Microsoft "Finish the Fight" slogan to goodbye Sony

Microsoft's marketing mavens are using the slogan "Finish the Fight" to promote the company's "Halo 3" video game, the final chapter in a popular science-fiction combat game trilogy. It could just as well be the rallying cry for Microsoft to beat rival Sony in the next-generation video game console war. "We're locked in a pretty […]

Microsoft's marketing mavens are using the slogan "Finish the Fight" to promote the company's "Halo 3" video game, the final chapter in a popular science-fiction combat game trilogy.

It could just as well be the rallying cry for Microsoft to beat rival Sony in the next-generation video game console war.

"We're locked in a pretty good fight with Sony and (its) PlayStation 3 to win the generation. That's always been our aspiration," said Shane Kim, corporate vice president of Microsoft Game Studios. "This holiday season is critical in terms of winning that generation."

"Halo 3" is Microsoft's biggest weapon yet. The $60 game goes on sale Tuesday. Some retailers, including GameStop, will hold Monday night events capped off with "Halo 3" sales at midnight.

The previous two "Halo" games for the original Xbox sold a combined 15 million copies. "Halo 3" is being made exclusively for Microsoft's new Xbox 360 console. Microsoft expects the latest "Halo" game to outsell its predecessors and encourage gamers to buy an Xbox 360 and subscribe to Xbox Live.

"It's a very important product for Microsoft because it's the one product that really distinguishes the Xbox 360 from the competition," said David Cole, an analyst with DFC Intelligence.

Microsoft has arguably the strongest game lineup this holiday season, Cole says, but it needs gamers to buy its console first. By comparison, Sony doesn't have any big exclusive titles for its PS3 this holiday.

"The pressure is on Microsoft this holiday season to either grab the bull by the horns or be in big trouble," Cole said.

"Halo 3" is assured to be a hit, given sales for the previous games and the franchise's fanatical user base, says Van Baker, an analyst with market research firm Gartner. It will help sell "significant numbers" of Xbox 360 machines, perhaps a million or two, he says.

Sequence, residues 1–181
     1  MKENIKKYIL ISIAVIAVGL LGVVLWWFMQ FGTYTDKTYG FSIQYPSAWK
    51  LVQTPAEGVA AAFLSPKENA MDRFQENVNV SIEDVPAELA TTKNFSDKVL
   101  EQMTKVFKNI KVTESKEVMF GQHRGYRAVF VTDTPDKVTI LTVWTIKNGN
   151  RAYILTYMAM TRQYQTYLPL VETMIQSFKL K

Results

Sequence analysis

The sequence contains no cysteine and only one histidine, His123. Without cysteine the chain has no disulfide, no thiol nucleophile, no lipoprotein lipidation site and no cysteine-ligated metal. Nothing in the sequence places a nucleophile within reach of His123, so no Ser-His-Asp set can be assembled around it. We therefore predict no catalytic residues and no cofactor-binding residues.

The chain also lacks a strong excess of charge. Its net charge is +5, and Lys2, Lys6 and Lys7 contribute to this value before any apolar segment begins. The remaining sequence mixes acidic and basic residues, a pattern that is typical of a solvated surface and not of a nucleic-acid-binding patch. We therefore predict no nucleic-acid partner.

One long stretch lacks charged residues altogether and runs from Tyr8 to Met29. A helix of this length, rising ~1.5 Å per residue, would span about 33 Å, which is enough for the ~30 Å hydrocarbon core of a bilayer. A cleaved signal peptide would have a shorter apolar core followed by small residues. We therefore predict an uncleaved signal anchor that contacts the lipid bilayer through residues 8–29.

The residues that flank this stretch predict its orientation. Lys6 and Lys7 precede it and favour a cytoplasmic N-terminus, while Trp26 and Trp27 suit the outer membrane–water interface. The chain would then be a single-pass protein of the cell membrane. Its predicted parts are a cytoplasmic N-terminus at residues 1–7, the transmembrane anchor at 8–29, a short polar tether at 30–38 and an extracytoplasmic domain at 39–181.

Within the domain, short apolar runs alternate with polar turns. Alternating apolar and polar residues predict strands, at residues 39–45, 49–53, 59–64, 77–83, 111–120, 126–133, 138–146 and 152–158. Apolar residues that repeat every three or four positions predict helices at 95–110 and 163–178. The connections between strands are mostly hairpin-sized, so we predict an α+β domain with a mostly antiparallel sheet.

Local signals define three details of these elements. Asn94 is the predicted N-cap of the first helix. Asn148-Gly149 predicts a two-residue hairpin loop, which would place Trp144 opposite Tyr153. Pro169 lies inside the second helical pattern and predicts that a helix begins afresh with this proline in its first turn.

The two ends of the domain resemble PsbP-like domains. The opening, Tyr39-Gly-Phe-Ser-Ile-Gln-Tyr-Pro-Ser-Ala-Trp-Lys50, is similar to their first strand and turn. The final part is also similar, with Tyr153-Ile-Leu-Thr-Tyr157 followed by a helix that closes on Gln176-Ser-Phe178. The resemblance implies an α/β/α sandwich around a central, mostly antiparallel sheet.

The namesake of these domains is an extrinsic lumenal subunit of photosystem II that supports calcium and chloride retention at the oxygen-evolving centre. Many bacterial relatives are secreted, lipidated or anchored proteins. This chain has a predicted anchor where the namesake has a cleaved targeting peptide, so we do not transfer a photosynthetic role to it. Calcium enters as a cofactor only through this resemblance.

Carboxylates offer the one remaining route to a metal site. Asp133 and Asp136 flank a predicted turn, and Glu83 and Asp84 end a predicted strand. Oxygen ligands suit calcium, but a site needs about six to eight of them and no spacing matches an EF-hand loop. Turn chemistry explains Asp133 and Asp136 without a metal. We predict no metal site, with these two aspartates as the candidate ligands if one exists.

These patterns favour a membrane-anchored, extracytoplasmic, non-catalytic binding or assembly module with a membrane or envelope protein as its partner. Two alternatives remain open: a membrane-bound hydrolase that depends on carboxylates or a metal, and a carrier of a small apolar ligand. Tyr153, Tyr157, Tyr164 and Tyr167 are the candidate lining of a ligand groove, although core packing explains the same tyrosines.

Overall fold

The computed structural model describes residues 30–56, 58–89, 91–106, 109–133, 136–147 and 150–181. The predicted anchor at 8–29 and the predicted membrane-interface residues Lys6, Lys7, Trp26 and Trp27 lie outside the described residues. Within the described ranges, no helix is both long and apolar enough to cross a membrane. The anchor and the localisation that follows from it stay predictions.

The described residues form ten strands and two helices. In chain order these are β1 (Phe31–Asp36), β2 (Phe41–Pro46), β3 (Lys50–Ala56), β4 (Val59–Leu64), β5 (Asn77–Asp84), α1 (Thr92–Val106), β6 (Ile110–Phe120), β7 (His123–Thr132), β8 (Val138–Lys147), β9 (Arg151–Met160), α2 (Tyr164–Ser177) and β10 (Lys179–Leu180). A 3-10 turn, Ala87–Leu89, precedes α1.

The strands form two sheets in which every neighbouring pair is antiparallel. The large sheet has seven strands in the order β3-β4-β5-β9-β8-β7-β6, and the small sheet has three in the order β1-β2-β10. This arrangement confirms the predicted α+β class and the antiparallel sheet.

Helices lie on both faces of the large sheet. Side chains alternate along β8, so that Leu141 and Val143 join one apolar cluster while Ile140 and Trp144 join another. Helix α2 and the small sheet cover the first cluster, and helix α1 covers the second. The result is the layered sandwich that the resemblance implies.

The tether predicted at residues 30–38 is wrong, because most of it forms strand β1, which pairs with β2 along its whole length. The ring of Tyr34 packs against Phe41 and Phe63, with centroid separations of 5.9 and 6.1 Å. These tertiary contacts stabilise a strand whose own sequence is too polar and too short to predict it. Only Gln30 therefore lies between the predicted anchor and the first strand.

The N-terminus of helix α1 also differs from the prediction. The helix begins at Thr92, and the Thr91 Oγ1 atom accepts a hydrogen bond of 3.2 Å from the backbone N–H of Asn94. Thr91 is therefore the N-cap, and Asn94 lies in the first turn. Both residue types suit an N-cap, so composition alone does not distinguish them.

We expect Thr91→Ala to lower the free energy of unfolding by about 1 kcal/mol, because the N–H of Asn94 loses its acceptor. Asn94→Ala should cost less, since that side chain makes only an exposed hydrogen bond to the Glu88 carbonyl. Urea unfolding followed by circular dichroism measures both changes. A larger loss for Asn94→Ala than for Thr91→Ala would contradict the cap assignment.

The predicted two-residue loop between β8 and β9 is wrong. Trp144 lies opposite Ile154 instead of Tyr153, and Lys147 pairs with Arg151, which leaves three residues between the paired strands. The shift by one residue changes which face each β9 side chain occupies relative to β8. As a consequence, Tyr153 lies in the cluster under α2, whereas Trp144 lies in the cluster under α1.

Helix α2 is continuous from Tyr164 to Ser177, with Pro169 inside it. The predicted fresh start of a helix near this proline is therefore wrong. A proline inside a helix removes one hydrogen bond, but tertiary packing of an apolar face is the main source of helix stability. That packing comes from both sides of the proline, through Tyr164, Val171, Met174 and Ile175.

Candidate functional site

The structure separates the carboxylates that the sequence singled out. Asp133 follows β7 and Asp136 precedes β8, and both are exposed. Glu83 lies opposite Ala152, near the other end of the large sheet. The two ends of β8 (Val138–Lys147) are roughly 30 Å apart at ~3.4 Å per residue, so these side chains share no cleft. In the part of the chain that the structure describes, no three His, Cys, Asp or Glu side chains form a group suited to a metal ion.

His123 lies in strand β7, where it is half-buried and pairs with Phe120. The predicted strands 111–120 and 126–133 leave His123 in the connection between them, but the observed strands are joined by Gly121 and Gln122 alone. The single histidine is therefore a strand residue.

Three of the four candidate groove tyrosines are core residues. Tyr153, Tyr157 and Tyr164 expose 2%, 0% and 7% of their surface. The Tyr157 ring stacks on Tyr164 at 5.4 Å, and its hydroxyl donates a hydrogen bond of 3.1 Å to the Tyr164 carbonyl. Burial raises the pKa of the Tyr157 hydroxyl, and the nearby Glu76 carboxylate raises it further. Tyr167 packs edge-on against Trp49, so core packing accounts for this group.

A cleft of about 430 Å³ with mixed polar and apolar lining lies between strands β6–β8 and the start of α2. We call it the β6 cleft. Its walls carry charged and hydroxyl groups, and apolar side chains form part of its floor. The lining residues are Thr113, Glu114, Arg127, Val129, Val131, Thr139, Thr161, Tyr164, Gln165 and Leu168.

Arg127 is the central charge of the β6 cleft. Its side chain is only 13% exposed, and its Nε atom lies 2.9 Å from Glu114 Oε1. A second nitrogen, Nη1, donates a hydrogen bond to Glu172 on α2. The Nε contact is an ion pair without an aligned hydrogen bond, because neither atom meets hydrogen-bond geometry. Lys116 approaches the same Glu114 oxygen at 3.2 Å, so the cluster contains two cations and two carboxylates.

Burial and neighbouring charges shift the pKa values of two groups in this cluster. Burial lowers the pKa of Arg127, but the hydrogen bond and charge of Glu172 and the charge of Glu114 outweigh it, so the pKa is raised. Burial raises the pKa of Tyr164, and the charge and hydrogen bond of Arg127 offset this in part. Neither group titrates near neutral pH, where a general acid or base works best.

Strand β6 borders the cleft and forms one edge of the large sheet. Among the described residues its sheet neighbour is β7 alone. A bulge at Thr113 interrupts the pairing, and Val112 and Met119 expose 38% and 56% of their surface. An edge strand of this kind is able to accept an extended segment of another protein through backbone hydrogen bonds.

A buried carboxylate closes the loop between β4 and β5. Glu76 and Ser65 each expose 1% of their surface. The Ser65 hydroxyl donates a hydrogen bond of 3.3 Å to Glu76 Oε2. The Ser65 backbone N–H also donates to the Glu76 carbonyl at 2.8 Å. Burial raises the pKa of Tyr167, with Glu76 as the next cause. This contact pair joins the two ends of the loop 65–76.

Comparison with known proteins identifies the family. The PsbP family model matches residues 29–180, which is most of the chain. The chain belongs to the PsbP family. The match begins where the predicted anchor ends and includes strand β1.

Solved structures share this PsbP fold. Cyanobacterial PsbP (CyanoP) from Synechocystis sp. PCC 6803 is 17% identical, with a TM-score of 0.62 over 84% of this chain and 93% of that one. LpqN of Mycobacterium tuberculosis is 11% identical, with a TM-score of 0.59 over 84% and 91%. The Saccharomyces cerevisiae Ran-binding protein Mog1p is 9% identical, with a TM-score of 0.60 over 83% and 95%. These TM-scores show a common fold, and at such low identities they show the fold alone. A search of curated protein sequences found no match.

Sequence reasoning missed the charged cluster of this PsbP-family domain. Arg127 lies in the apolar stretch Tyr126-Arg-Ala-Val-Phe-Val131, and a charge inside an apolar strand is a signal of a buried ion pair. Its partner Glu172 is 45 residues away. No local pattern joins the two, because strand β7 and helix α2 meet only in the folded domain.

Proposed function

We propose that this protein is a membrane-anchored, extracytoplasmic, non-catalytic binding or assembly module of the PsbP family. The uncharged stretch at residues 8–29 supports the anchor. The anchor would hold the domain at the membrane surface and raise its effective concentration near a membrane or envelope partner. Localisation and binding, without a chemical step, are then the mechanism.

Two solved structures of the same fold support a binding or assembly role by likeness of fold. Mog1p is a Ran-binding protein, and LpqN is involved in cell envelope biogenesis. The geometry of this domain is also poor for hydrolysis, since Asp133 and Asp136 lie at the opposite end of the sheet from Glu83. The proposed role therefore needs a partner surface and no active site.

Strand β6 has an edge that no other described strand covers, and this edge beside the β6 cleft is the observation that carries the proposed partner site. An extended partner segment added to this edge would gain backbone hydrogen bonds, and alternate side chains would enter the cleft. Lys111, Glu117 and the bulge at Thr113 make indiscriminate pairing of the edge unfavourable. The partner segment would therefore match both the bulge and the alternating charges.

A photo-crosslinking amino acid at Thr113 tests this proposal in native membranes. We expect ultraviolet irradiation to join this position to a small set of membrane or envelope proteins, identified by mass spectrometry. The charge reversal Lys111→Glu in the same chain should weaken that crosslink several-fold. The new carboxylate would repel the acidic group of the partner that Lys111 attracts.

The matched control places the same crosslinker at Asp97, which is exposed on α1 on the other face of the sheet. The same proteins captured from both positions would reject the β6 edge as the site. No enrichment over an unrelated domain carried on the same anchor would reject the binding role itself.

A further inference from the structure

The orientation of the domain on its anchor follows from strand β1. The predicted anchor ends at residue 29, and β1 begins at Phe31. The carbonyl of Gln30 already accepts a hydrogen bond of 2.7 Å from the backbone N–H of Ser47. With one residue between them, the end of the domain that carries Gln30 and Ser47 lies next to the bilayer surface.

"There are people who haven't stepped up to buy Xbox 360 yet that are 'Halo' fans, and when the title comes out, that's going to be what they need to push them over the edge," Baker said.

About 2.5 million people are still playing "Halo 2" on Xbox Live, Microsoft's online gaming service, Kim says. Microsoft knows many of those people are still on the original Xbox, so it's confident "Halo 3" will spark upgrades.

Microsoft needs a big boost from "Halo 3" for its Entertainment and Devices division to post a first-ever profit in fiscal 2008, which ends in June. "This will be the biggest consumer entertainment launch in history. It will be bigger than any movie, any books or music and so forth," Kim said. "'Halo 3' will be much bigger than 'Halo 2' was."

"Halo 2" set a one-day entertainment sales record when it launched in November 2004. It generated $125 million in sales in its first 24 hours.

With this "Halo" launch, Microsoft has cranked up publicity with a host of licensing deals. The "Halo" universe has spawned novels, comics, action figures and even a new soft drink from Mountain Dew.

"Halo 3" is more than a first-person shooter game, Kim says.

In addition to great game mechanics, the new game, like the first two in the series, boasts a rich story and characters along with stunning graphics and stirring music, he says. Players guide a heavily armed super soldier known as Master Chief in his battle against an alien enemy called the Covenant.

While the "Halo" trilogy concludes with "Halo 3," Microsoft has no intention of ending the franchise. It's prepping a spinoff game called "Halo Wars" for holiday season 2008 and two interactive entertainment series from "Lord of the Rings" film director Peter Jackson.

Microsoft has sold 11.6 million Xbox 360 consoles worldwide compared with more than 6 million for Sony's comparable PS3.

For the prior generation of consoles, Microsoft sold 24 million Xboxes compared with 120 million for Sony's PlayStation 2.

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Source:→ Yahoo News